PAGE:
Updating Pittsburgh Steelers' Key Position Battles Halfway Through Training Camp
While New York may have been their biggest competition, it was not their most important competition. That honor goes to the position battles that reached another level as they went from the practice field to Heinz Field.
In the end, no one will remember the 18-13 loss, but what was learned in the position battles will have a lasting impact on the upcoming season.
With one preseason game under the Steelers’ belt, here is an updated look at the top training-camp battles.
Note: All stats for this article are via ESPN.com.
Starting Running Back
Candidates: Isaac Redman, Jonathan Dwyer, Le’Veon Bell
While everyone wanted to see Bell in action, missing the game did not hurt his position on the depth chart. In fact, his stock is on the rise after sitting out.
Isaac Redman started and carried the ball on the first two plays from scrimmage for seven yards. That was it for him as LaRod Stephens-Howling stepped onto the field.
It was a bit of a surprise that Jonathan Dwyer did not work with the starters and, instead, followed Stephens-Howling. But when he got in, he did not make the most of his opportunity, as he was unable to make a significant impact.
Dwyer’s longest carry went for 11 yards on a play in which he showed a good burst to get to the outside. However, the rest of the night did not go well as he gained only four yards on his next five carries.
With only two receptions on five targets, Dwyer was disappointing in the passing game as well. He had a couple of drops and was part of an offense that had trouble executing a screen pass.
At this point, Redman is ahead of Dwyer on the depth chart, and Bell should be as well. It should only be a matter of time before Bell earns the starting job, but he must prove himself in a game first. Until then, Redman will be the starter.
Starting Right Outside Linebacker
Candidates: Jason Worilds, Jarvis Jones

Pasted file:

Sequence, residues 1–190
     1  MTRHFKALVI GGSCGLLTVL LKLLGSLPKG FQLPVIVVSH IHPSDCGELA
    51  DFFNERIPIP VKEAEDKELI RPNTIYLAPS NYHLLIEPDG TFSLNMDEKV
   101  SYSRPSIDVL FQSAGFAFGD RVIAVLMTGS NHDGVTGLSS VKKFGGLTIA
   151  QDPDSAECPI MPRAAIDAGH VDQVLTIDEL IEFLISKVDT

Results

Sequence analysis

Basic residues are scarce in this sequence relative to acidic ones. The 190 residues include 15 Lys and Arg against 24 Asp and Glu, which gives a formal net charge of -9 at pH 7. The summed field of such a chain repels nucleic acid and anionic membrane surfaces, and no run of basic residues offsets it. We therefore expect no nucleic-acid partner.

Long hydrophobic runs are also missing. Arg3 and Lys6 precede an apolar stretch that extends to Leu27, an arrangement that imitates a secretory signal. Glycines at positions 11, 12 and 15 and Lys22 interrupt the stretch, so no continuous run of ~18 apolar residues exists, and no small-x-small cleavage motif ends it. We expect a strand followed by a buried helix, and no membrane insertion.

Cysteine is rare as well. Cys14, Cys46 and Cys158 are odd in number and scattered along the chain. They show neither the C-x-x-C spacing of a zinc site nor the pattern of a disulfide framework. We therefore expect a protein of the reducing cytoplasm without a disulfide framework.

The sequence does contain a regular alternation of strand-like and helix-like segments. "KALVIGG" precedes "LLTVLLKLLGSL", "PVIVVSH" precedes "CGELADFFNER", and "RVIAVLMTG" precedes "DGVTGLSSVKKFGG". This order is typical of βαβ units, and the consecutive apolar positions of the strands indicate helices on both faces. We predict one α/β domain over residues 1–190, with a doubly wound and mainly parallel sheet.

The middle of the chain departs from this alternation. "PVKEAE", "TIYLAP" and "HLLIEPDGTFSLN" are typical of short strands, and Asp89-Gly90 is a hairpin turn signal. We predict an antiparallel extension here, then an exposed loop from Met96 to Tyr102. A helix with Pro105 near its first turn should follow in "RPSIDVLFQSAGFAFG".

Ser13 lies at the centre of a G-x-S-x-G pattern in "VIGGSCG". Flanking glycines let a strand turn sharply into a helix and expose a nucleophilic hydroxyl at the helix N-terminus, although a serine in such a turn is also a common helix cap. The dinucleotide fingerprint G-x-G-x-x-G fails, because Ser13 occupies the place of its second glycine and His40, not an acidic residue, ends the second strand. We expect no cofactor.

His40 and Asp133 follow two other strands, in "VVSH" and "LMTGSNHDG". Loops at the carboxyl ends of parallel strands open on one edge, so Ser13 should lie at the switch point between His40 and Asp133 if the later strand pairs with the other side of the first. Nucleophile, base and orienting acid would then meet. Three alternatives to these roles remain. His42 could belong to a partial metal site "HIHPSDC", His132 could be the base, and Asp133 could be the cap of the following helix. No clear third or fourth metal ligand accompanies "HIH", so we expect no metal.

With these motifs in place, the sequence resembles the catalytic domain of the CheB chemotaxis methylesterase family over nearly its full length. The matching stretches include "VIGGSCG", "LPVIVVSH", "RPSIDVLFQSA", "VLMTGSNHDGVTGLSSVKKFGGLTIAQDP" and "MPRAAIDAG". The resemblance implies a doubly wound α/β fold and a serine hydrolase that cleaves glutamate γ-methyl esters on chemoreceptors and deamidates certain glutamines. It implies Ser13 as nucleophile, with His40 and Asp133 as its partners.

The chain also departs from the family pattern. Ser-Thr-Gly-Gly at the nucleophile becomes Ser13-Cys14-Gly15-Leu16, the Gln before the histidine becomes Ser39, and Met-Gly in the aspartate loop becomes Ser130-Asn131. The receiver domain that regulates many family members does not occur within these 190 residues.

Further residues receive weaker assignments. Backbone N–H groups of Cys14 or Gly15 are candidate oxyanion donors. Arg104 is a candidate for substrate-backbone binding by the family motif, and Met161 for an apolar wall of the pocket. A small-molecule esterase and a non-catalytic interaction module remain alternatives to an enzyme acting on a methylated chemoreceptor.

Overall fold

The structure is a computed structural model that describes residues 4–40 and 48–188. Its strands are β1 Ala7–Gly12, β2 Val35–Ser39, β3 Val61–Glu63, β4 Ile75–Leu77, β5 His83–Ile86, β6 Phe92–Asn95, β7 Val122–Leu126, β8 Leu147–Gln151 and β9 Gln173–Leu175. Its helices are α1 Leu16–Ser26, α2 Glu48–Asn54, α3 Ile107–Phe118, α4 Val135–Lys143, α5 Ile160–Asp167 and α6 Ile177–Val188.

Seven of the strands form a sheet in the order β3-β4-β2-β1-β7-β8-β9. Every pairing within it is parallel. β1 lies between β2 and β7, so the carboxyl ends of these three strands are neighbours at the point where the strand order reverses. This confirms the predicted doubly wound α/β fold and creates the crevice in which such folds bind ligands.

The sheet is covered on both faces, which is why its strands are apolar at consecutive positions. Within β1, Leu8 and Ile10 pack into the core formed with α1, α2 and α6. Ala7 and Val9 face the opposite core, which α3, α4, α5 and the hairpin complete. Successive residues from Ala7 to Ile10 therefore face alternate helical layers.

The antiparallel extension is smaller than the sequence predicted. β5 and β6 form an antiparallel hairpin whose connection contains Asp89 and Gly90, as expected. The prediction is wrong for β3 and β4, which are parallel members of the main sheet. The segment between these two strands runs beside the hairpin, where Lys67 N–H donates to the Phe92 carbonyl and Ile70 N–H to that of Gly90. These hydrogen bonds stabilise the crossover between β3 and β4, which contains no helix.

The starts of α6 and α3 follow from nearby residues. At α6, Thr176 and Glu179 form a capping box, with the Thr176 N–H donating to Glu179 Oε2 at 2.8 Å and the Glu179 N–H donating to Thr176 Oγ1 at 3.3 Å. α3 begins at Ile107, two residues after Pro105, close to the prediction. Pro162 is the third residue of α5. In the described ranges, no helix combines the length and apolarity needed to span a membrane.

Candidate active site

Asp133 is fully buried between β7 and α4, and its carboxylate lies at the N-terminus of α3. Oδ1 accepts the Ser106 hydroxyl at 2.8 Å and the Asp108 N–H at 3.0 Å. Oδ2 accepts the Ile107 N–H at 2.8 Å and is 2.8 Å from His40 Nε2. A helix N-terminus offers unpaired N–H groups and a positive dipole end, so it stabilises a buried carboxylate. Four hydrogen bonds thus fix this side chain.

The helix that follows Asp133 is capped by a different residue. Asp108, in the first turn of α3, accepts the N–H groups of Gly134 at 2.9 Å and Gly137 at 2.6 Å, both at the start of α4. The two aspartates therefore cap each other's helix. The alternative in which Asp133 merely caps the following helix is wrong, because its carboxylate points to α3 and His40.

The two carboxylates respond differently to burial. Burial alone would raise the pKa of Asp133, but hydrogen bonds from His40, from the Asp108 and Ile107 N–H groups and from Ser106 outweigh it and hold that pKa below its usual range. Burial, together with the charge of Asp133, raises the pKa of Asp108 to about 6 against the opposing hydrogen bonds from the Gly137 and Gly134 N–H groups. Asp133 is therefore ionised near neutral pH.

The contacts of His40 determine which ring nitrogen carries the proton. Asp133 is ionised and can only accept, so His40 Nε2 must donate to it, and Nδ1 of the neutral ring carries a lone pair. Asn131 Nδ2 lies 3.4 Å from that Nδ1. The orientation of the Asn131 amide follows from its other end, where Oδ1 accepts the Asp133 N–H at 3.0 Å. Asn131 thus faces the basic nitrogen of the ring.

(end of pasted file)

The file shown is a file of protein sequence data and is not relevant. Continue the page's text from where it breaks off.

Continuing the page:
The first true test for the outside linebackers came and went without seeing anything spectacular.
Jason Worilds had three tackles and a sack, but was otherwise a non-factor. In other words, it was one of his typical performances.
There was not much action from Worilds when playing on the right side. He recorded his sack once he switched to left outside linebacker.
The sack came on a designed screen which was sniffed out by Cameron Heyward. This caused David Carr to hesitate, and Worilds came in freely to make a sack. While it was encouraging to see him make a play, it was his teammate who made it happen.
Besides his sack, Worilds caught the attention of Mike Tomlin for two dumb personal-foul penalties near the end of the first half.
After the second, Tomlin called Worilds off the field, and you could make out the words “that’s stupid” coming out of his mouth.
It is understandable if the penalties were the result of hustle and trying to make a play. But these weren’t “hustle penalties.” They were the result of a lack of discipline, and Worilds needs to be better than that.
Jones was not much better once he entered the game, as he finished with two tackles and a fumble recovery.
Will Jarvis Jones beat out Jason Worilds for the starting right outside linebacker job?
A lot was made of the fumble recovery, but he did not cause the fumble. I will give him credit for being in position to pounce on the loose ball. Besides this, he was not particularly active in the backfield, particularly when it came to generating pressure on the quarterback.
That is an issue since this is where the Steelers need him to come up big.
There were a number of times that Jones was close to making a tackle behind the line, but the fact remains, he did not make the plays. Another problem he had was setting the edge when defending the run.
Part of his problem is, he lacks the strength to shed blocks, and he must continue to work on his pass-rushing moves. So far, he lacks in this area.
However, Jones did show that once he gets a feel for the speed of the game and builds strength, he should be a good player. He is at least a year away from being where he needs to be, but that should be expected.
Given his experience and knowledge of the defense, Worilds is still in the lead for the starting job at right outside linebacker, but Jones can continue to push him if he continues to improve each week and improve on his pass rush.
It is almost certain that Worilds will enter the season as a starter, but once Jones improves rushing the passer, he should get some time in a specialized pass-rusher role on the defense.
Candidates: Drew Butler, Brian Moorman
The battle for the punting job remains status quo, as Drew Butler continues to outperform Brian Moorman with a solid outing against the Giants.
Butler continued to show he has the stronger leg. Against New York, he averaged 48 yards on two punts. While he has the lead, this battle isn’t over quite yet.
Over the course of training camp, Butler has been inconsistent with his distance. He also does not put a high arc on his punts which decreases the hang time on the ball. This provides the returner with more time and space for returns.